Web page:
In those days long before the internet connected the world instantaneously, the two groups knew nothing about each other's work even though both were funded by the National Heart Institute, which is now part of the National Institutes of Health (NIH). Remarkably, Dimond and Cobb first learned about each other when they were both booked to present the reports of the parallel studies at the annual meeting of the American Heart Association. The results of both studies showed that the widely popular internal mammary artery ligation had the same results as placebo surgery, giving further credence to the use of randomized clinical testing.

"This made it clear to all observers that the results were solid," Crenner said. "People were pushing hard to demonstrate the replicability of clinical trials, and here they had it immediately."

The use of placebo surgeries as part of randomized clinical testing continues to have critics on many levels. In addition to exposing patients to infections and unnecessary anesthesia, Crenner points out in his book that critics would say these placebo surgeries demonstrate a willingness to put the desire for sound knowledge of therapeutic effects above our care for the safety and interests of individual patients.
While the popularity of placebo surgeries as a testing methodology has risen and waned over the years, they continue to play a role in randomized clinical trials. Recently, a study published in "The Lancet" and reported this month in the "New York Times" suggested that heart stents - long a staple in relieving chest pain in thousands of patients each year - may, in fact, be useless for many of the patients.

For the study, a cardiologist at Imperial College London, looked at 200 participants with chest pain severe enough to limit physical activity and profound coronary artery blockage. All were treated for six weeks with drugs to reduce the risk of a heart attack before the real or fake insertion of a stent. Both groups received drugs post-surgery to prevent blood clotting.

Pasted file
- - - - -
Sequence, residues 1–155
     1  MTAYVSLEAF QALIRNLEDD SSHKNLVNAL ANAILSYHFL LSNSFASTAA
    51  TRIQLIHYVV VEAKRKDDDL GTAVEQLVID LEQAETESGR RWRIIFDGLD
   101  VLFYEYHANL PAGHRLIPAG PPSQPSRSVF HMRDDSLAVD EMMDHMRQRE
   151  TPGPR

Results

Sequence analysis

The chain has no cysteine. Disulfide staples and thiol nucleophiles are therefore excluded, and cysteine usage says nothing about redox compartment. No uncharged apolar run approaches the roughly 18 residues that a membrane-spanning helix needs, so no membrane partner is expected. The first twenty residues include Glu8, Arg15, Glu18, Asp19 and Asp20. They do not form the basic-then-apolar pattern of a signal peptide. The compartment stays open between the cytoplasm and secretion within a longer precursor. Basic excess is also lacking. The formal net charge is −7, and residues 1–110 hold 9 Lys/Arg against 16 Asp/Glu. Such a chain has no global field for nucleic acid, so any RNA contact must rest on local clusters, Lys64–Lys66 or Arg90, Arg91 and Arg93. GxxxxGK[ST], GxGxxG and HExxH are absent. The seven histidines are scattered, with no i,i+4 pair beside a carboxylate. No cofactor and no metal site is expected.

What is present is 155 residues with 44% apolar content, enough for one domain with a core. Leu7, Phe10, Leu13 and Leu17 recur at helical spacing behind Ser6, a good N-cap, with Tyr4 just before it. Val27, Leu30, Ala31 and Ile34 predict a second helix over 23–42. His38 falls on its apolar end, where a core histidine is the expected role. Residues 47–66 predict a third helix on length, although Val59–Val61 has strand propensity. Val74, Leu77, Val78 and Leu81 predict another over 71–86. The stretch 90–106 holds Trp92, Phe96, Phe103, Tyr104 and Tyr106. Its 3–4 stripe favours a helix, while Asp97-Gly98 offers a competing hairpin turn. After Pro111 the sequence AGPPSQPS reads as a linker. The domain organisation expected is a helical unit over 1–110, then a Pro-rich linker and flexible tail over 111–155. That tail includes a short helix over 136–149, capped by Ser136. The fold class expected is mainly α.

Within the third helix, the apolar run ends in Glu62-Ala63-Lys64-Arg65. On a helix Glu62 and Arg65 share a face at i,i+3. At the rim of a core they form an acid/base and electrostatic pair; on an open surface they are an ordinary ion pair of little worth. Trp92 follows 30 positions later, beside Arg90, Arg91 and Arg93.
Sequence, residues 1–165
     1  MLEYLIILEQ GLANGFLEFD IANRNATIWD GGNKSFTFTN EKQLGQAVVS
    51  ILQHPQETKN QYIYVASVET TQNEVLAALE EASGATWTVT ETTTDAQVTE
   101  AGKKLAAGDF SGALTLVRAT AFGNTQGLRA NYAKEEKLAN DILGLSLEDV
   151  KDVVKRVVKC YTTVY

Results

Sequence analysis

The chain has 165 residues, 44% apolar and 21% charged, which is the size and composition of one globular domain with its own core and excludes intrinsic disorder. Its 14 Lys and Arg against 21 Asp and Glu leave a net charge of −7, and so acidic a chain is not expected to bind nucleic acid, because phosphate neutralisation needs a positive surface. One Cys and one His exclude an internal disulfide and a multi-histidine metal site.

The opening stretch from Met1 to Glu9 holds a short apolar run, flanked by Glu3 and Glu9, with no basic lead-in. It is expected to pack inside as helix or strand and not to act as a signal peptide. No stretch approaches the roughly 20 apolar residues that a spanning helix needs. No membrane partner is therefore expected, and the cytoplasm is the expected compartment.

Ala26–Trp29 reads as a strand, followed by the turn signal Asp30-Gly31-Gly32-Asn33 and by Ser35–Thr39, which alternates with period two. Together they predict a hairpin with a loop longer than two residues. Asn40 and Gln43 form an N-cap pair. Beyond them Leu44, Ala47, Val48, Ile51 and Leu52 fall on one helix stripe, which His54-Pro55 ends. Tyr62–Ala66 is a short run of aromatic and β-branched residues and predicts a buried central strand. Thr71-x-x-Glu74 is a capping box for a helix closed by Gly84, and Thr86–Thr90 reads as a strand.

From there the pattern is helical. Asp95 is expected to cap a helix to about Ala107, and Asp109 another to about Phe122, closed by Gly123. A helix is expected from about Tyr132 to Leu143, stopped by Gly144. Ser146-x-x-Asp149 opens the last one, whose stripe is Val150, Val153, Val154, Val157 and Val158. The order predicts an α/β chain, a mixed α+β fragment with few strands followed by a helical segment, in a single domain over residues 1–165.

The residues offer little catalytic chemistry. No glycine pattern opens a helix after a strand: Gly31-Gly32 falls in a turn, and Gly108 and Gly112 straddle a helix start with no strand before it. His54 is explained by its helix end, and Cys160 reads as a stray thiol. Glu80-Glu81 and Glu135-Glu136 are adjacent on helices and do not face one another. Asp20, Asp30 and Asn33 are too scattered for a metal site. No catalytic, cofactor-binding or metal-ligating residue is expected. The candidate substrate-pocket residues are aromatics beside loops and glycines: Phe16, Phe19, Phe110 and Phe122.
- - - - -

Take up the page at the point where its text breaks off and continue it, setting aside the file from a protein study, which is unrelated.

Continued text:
Six weeks later, both groups reported less chest pain and performed better on treadmill tests. Current medical guidelines in this country say stenting is appropriate for patients with blocked arteries and chest pain, but those guidelines were based on studies that did not account for the strength of placebo effects in patients who have a serious invasive procedure done.

"Placebo surgeries are uncommon and controversial at least around the boundaries," Crenner said. "But, in my mind, they are perhaps poised to increase significantly, especially in countries with closed, centrally funded health systems where there is a desire to decrease the use of expensive surgeries that are potentially non-therapeutic."

At KU Medical Center, great care is taken to make sure participants enrolled in clinical trials understand all the factors involved. Because a certain amount of risk is involved in any surgery, the decision to perform any procedure is taken with the utmost caution and care by health care professionals involved in research at KU Medical Center.

"We always ensure participants in clinical research trials are completely informed of the risks and options, whether the trials involve surgery or medication" said Richard J. Barohn, M.D., vice chancellor for research at KU Medical Center. "Unlike studies where placebo surgeries are involved, in many of our trials here at KU Medical Center, we are comparing surgical outcomes to those achieved using medications; or we may be comparing different surgical interventions.

"Regardless of the trial," Barohn continued, "they are always done with the full consent of participants, and we are diligent about their safety."

While clinical trials involving placebo surgeries certainly aren't the norm, as Crenner noted in his book, KU Medical Center has earned a place in medical history. Crenner credits much of the inspiration for the book to a symposium honoring Dr. Marc Asher's support for documenting the history of spinal surgery at KU Medical Center and nationally. Published in 2017 by the University of Rochester Press, the book uses case studies to explore the technological changes that have come about in surgery during the past 200 years. The book investigates how surgical practices have been shaped by not only technical innovations but by changes in society as well.

Last modified: Jan 04, 2018